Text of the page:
Arkady Babchenko’s ‘killing’ polarises Ukraine and Russia

The fake killing of the Russian reporter in Kiev amazed and polarised his peers and politicians in Russia and Ukraine.

Arkady Babchenko
Arkady Babchenko 'resurrection' gladdened many of his colleagues used to hearing that yet another journalist killed under suspicious circumstances [File: Vitalii Nosach/Reuters]

Kiev, Ukraine – The fake killing of Russian reporter Arkady Babchenko amazed, perplexed and polarised his peers and politicians in Russia and Ukraine that have been at real and “information” war with each other since Crimea‘s 2014 annexation.

The 41-year-old’s unexpected “resurrection” gladdened many of his colleagues used to hearing that yet another journalist killed under suspicious circumstances. Fifty-eight reporters have been killed in Russia since 1992, according to the Committee to Protect Journalists, a media freedom watchdog.

A crowd of reporters gathered on Wednesday night at the Independence Square in the Ukrainian capital, Kiev, to celebrate the comeback of Babchenko, who had faked his own murder.

“We’ll drink to Arkady, but only with clinking,” one of them said, referring to a Slavic superstition to commemorate the dead without touching glasses.

‘A pathetic stunt?’

“Everyone was celebrating, while most of those I know had second thoughts: to what extent the whole ‘operation’ will undermine, or even ruin, the remnants of trust Ukrainians still have towards the authorities?” human rights advocate and publicist Maksym Butkevych told Al Jazeera.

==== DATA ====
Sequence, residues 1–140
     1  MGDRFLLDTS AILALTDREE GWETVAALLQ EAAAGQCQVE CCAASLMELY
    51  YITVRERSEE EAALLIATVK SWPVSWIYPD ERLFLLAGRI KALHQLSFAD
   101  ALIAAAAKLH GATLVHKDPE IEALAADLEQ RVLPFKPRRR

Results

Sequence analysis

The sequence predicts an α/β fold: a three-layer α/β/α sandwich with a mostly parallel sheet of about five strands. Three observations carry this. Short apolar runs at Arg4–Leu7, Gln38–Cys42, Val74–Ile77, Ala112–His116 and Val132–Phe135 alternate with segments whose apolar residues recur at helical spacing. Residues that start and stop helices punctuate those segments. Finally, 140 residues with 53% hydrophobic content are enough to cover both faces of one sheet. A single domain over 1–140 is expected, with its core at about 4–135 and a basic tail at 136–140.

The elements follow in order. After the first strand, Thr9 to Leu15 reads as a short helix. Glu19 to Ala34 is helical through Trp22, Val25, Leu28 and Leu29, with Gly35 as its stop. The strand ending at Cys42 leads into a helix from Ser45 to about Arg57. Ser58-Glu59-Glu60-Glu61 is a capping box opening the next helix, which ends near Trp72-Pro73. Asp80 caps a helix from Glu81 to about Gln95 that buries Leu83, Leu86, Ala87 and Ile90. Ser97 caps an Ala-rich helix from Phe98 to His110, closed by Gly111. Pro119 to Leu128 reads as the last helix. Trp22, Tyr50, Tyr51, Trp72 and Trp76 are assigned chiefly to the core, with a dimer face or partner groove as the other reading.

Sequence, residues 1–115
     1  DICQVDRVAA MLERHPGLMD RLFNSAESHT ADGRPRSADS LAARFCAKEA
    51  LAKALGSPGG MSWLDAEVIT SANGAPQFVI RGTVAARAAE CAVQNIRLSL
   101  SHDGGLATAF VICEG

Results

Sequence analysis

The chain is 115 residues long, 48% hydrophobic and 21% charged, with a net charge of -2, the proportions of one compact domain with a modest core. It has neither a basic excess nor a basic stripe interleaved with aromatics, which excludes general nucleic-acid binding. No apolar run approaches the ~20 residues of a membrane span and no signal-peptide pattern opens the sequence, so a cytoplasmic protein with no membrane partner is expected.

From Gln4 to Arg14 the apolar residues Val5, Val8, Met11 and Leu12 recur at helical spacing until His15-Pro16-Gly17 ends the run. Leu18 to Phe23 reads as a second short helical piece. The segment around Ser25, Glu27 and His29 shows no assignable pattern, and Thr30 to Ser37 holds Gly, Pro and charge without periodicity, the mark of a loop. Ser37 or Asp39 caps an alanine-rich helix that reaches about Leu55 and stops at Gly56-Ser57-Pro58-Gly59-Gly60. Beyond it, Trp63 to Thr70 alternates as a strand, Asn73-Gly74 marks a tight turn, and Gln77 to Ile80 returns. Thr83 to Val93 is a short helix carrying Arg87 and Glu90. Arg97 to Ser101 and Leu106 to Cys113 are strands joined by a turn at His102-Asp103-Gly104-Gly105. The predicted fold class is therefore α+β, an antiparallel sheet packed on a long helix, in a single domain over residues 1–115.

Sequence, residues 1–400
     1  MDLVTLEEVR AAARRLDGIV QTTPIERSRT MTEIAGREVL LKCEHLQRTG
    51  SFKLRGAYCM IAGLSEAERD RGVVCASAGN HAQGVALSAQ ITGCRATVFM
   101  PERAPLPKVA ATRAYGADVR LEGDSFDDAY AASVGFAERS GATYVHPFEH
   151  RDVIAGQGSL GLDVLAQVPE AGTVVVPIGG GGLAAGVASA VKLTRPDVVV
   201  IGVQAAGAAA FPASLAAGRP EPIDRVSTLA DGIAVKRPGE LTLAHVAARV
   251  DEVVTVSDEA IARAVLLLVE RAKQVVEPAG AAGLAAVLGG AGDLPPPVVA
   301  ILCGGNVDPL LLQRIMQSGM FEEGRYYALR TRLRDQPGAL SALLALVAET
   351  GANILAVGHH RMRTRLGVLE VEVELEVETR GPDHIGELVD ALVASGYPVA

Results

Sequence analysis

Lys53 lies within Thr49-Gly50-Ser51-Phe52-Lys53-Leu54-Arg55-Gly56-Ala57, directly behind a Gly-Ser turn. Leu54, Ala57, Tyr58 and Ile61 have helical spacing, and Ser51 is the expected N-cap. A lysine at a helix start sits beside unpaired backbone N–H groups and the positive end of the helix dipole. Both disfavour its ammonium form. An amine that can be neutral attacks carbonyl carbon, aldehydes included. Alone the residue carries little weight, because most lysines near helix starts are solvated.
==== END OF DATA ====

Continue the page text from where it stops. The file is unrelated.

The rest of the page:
“What did actually Ukrainian security services uncover, and will they present anything more detailed and fact-based than just generalisations?” he added.

“We still don’t know.”

Babchenko’s “killing” was the culmination of a two months-long sting to apprehend the alleged Russia-sponsored organiser – a balding, pudgy, middle-aged man who was rounded up in broad daylight by plain-clothes security officers and thrown into a van

SBU head, Vasily Hrytsak, claimed the unidentified man is a Ukrainian national hired by Russian intelligence to buy weapons and ammunition for a string of bigger “terrorist” attacks in central Ukraine.

Hrytsak, however, did not identify the presumed Russian bosses.

Babchenko’s participation in the sting signified his “ethical” and “professional” death, a former colleague from the Novaya Gazeta daily wrote.

Babchenko “died as a journalist by breaking professional ethics and engaging in an unprecedented collaboration with secret services”, Pavel Kanygin wrote in an opinion piece on Thursday.

Reporters Without Borders also criticised the theatrics as a “pathetic stunt”.

“It is pathetic and regrettable that the Ukrainian police have played with the truth, whatever their motive … for the stunt,” Christophe Deloire, head of the Paris-based media freedom monitor, told AFP news agency on Wednesday.

Babchenko’s boss and friend disagreed.

“They are absolutely wrong,” Ayder Muzhdabayev told Al Jazeera. “They’re vermin.”

It was Muzhdabayev, deputy director general of the ATR television network, who talked Babchenko into staying in Ukraine after the reporter fled Russia in 2017.

Muzhdabayev was also first to report his death – and decry his role in it.

“I convinced him to stay in Ukraine. I should be damned,” Muzhdabayev wrote on Facebook on Tuesday, hours after hearing about Babchenko’s “death”.